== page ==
Natural history of acute pediatric iliofemoral artery thrombosis treated with anticoagulation

Published:April 07, 2020DOI:



      Acute iliofemoral artery thrombosis (IFAT) can occur in critically ill neonates and infants who require indwelling arterial cannulas for monitoring or as a consequence of cardiac catheterization. Guidelines suggest treatment with anticoagulation, but evidence supporting the optimal duration of therapy and the role of surveillance ultrasound is limited. The objectives of this study were to characterize the kinetics of thrombus resolution and to define an appropriate duration of anticoagulation and interval for surveillance ultrasound.


      This was a single-center retrospective cohort study of pediatric patients with acute IFAT from 2011 to 2019. Medical records and vascular laboratory studies were reviewed. Patients with one or more surveillance ultrasound examinations were included. Thrombus resolution was defined as multiphasic flow throughout the index limb without evidence of echogenic intraluminal material by ultrasound. Time to resolution of thrombus was assessed using Kaplan-Meier analysis.


      Fifty-four limbs in 50 patients were identified with acute IFAT. The median age was 9.9 weeks (interquartile range, 3.1-21.7 weeks), with a median weight of 4.2 kg (interquartile range, 3.3-5.5 kg). The majority of limbs (65%) with acute IFAT presented with a diminished pedal Doppler signal, commonly after cardiac catheterization (55%). Forty-eight (89%) limbs had complete arterial occlusion on index ultrasound, and flow could not be detected below the ankle in 48%. The median number of ultrasound examinations per limb was three (range, two to seven), and 61% of limbs had a surveillance ultrasound within 7 days of diagnosis. At 14 and 30 days, 33% and 64% of patients, respectively, treated with anticoagulation had an estimated complete resolution of thrombus. Nine (17%) patients did not receive anticoagulation, and only two of these patients experienced IFAT resolution. At the time of diagnosis, one patient underwent open thrombectomy because of a contraindication to anticoagulation, and one patient was treated with thrombolysis. There were no instances of tissue loss or amputation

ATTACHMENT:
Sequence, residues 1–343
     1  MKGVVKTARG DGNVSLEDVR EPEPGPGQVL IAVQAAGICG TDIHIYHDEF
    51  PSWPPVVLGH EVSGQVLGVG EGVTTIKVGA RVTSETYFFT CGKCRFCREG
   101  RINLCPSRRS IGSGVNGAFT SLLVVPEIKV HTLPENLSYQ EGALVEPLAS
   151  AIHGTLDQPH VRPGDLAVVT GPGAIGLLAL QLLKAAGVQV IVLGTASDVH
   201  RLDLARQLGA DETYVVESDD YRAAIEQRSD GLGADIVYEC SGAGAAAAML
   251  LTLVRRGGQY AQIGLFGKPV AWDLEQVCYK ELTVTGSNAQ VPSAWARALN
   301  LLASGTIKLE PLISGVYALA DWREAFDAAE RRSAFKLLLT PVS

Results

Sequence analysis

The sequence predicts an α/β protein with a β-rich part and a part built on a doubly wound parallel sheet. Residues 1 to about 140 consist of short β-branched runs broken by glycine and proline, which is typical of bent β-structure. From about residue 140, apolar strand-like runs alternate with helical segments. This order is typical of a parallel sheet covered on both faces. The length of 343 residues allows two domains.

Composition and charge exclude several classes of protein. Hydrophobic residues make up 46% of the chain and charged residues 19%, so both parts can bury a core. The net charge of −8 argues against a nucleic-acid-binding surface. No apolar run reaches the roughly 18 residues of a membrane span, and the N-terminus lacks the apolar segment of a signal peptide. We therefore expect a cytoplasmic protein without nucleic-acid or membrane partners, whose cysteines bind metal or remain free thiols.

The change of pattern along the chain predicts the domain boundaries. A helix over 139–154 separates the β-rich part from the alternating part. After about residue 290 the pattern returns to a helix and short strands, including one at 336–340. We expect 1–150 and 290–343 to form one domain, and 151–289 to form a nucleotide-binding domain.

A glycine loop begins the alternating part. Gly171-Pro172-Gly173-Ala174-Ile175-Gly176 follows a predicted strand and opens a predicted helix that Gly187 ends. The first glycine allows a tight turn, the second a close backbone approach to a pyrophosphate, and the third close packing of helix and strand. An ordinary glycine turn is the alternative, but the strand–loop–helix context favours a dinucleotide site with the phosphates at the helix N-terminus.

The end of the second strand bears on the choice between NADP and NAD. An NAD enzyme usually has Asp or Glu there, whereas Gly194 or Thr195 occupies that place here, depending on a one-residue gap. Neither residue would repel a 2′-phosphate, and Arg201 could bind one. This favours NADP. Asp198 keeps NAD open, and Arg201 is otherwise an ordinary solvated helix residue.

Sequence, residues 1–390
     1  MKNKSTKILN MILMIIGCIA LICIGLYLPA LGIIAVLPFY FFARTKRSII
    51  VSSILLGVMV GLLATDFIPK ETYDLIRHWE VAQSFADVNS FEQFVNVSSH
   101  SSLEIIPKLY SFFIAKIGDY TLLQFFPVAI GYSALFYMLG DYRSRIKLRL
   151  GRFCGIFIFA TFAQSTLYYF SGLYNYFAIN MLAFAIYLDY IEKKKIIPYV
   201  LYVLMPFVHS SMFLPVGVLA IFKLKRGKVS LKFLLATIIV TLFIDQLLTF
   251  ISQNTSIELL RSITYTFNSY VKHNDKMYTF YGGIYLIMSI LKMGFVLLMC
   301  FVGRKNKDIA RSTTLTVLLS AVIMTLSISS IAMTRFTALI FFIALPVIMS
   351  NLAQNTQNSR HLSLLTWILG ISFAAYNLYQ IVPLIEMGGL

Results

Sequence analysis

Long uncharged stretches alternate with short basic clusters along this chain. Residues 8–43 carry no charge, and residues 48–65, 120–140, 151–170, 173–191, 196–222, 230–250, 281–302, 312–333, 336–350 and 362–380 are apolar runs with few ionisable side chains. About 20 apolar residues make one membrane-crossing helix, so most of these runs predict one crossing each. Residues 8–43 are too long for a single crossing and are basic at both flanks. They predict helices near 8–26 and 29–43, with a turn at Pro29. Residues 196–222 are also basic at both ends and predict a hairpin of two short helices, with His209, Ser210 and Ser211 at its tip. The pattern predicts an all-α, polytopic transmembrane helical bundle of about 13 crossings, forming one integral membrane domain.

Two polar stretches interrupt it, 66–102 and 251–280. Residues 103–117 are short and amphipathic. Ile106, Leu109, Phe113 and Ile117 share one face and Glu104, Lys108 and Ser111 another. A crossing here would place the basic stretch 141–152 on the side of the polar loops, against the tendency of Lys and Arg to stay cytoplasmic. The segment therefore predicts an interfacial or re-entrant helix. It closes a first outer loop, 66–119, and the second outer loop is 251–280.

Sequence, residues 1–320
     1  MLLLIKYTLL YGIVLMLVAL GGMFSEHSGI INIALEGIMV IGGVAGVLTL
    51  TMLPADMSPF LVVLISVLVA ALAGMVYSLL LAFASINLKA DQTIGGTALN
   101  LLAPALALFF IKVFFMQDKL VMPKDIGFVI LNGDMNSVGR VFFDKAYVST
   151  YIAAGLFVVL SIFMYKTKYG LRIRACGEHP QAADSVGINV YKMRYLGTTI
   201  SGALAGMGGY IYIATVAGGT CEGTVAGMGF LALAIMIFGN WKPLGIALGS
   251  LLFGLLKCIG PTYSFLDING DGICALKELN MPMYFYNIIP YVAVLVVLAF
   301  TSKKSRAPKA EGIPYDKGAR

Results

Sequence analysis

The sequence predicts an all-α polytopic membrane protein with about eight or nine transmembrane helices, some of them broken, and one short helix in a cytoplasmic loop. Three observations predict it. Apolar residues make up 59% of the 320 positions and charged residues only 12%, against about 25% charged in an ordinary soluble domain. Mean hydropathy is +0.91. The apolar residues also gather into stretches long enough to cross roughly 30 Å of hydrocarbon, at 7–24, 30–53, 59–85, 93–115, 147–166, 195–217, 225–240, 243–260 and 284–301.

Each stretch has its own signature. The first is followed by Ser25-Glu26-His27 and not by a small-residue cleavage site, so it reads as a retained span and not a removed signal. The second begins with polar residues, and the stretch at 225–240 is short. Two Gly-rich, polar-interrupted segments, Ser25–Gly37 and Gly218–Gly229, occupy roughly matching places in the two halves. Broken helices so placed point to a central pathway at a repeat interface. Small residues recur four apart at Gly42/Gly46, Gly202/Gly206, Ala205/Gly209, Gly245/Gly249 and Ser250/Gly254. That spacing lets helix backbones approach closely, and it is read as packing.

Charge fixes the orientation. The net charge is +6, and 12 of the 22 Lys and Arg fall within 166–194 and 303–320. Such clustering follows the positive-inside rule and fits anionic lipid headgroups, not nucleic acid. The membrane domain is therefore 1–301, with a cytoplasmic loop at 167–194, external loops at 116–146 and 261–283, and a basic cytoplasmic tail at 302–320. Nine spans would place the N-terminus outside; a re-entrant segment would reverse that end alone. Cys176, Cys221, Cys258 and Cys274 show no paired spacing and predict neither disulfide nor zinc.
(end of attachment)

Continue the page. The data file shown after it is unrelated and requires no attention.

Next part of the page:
Management of IFAT with anticoagulation resulted in successful short-term outcomes. Based on the observed rate of resolution, management should start with anticoagulation, followed by surveillance ultrasound at 2-week intervals. With treatment by anticoagulation, resolution can be expected to occur in one-third of patients every 2 weeks.

      Graphical abstract


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